A Strange Argument Against the Housing Bubble
University of Chicago economist and New York Times Economix contributor Casey Mulligan does not really believe there was a housing bubble. He has written a number of perplexing blog posts to back up his case. And now: this.
Mulligan writes: “Housing bubble theorists will offer you a list of reasons why it might have been appropriate to have a bit of a housing boom, and then (perhaps correctly) show you that the factors on their list are not big enough to explain all of the housing boom we actually experienced. The final step in their argument is to attribute all of the unexplained part of the housing boom to irrational exuberance. Of course, the entire argument falls apart if their list is incomplete. For example, do those lists include this?”
He then includes a chart of employment in the self-storage industry, peaking out at 0.035 percent of workers, or around 51,000 people.
He argues that identifying a bubble is fundamentally a process of subtraction: Take a look at skyrocketing asset prices, take away price increases explained by legitimate demand and there is your bubble in the irrational and frothy leftover. Next, he argues that “housing-bubble theorists” (virtually all economists and, well, virtually all Americans) fail to recognize that Americans had more stuff, and therefore wanted more closet space and storage units, and therefore needed to move into bigger and bigger houses — explaining housing price increases and weakening the case that a housing bubble ever really happened.
This is imbecilic. First of all, many of us “housing-bubble theorists” do argue that Americans legitimately wanted bigger houses to put all of their junk in, contributing to real upward pressure on housing prices. But we also believe that a number of other important economic factors — a decade of cheap credit, lax lending standards, fraud in the mortgage industry, the rise of variable-rate mortgages, big banks’ demand for housing assets to securitize and a monolithic belief that housing prices would not fall chief among them — *do *explain the bubble, the divorcing of asset prices from economic reality. “Housing-bubble theorists” don’t need to know anything about employment in the storage-unit business to make the puzzle pieces fit together.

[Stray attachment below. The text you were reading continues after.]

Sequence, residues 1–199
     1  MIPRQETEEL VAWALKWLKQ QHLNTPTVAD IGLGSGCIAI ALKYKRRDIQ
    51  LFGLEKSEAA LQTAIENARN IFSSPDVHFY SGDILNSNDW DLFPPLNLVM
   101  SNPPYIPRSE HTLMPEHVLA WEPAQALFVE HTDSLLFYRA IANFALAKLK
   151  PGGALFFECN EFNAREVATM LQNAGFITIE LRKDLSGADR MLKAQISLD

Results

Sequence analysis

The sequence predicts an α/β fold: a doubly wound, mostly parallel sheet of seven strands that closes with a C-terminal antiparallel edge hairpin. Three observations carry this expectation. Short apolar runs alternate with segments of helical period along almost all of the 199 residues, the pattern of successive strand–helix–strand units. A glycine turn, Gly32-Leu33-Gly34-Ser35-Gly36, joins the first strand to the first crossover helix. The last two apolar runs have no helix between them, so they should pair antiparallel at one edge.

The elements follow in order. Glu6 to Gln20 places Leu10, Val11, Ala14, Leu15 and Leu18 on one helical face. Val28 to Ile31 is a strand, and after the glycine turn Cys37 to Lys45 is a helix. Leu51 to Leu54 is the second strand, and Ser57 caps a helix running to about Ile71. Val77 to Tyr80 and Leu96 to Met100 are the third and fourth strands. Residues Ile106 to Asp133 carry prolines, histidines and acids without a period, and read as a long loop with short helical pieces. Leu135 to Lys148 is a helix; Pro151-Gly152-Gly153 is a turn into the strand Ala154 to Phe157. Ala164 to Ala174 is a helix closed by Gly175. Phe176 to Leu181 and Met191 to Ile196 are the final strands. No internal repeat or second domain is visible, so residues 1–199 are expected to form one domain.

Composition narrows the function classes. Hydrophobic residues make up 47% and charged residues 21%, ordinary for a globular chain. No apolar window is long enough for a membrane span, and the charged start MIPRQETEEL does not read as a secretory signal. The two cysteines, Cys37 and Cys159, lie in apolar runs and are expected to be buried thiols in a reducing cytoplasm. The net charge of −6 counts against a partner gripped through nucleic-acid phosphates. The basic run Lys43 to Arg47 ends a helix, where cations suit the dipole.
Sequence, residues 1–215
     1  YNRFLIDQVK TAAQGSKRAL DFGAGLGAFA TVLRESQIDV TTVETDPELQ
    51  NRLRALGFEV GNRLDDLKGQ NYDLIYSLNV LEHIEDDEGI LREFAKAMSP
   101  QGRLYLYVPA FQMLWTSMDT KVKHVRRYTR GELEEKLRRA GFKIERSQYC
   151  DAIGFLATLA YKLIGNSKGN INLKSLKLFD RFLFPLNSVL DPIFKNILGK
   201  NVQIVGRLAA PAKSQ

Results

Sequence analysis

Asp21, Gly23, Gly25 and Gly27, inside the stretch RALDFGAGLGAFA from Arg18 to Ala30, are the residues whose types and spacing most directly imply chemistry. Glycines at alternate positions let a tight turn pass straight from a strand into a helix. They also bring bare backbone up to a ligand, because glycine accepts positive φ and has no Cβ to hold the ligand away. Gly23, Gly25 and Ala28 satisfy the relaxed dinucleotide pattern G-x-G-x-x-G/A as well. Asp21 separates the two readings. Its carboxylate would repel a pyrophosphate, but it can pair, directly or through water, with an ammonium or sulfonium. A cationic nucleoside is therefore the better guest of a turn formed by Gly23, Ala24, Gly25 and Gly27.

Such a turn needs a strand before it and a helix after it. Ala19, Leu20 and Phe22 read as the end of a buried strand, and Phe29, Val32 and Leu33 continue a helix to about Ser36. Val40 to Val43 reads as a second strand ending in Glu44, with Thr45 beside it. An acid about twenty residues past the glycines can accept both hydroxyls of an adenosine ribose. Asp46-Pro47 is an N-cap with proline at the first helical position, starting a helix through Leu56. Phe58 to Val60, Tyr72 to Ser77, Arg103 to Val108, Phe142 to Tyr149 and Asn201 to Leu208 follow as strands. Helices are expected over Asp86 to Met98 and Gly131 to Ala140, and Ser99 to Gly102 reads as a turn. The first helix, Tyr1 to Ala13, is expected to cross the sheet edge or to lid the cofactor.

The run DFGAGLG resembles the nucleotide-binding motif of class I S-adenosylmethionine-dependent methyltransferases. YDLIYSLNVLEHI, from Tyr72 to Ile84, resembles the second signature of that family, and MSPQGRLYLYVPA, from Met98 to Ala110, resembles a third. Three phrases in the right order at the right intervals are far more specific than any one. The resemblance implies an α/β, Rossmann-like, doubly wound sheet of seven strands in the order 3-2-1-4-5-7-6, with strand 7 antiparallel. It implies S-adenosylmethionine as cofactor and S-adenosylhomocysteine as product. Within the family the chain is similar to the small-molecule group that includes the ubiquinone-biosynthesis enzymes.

Second, Mulligan fails to explain how employment in the self-storage industry is indicative of anything as far as housing goes. Wouldn’t dollars spent on self-storage, or square feet of self-storage, be better? Couldn’t closet and storage-unit demand be inversely correlated — in that if Americans had more storage units, they might not need so many closets?
Finally, if Mulligan really wants to theorize that the housing bubble was not a bubble, I am willing to hear him out. But rather than pointing to a chart of employment in the self-storage industry, I would like to see him explain how those strong economic factors — a decade of cheap credit, lax lending standards, fraud in the mortgage industry, the rise of variable-rate mortgages, big banks’ demand for housing assets to securitize and a monolithic belief that housing prices would not fall, again, for instance — *did not *distort the market and blow the bubble up.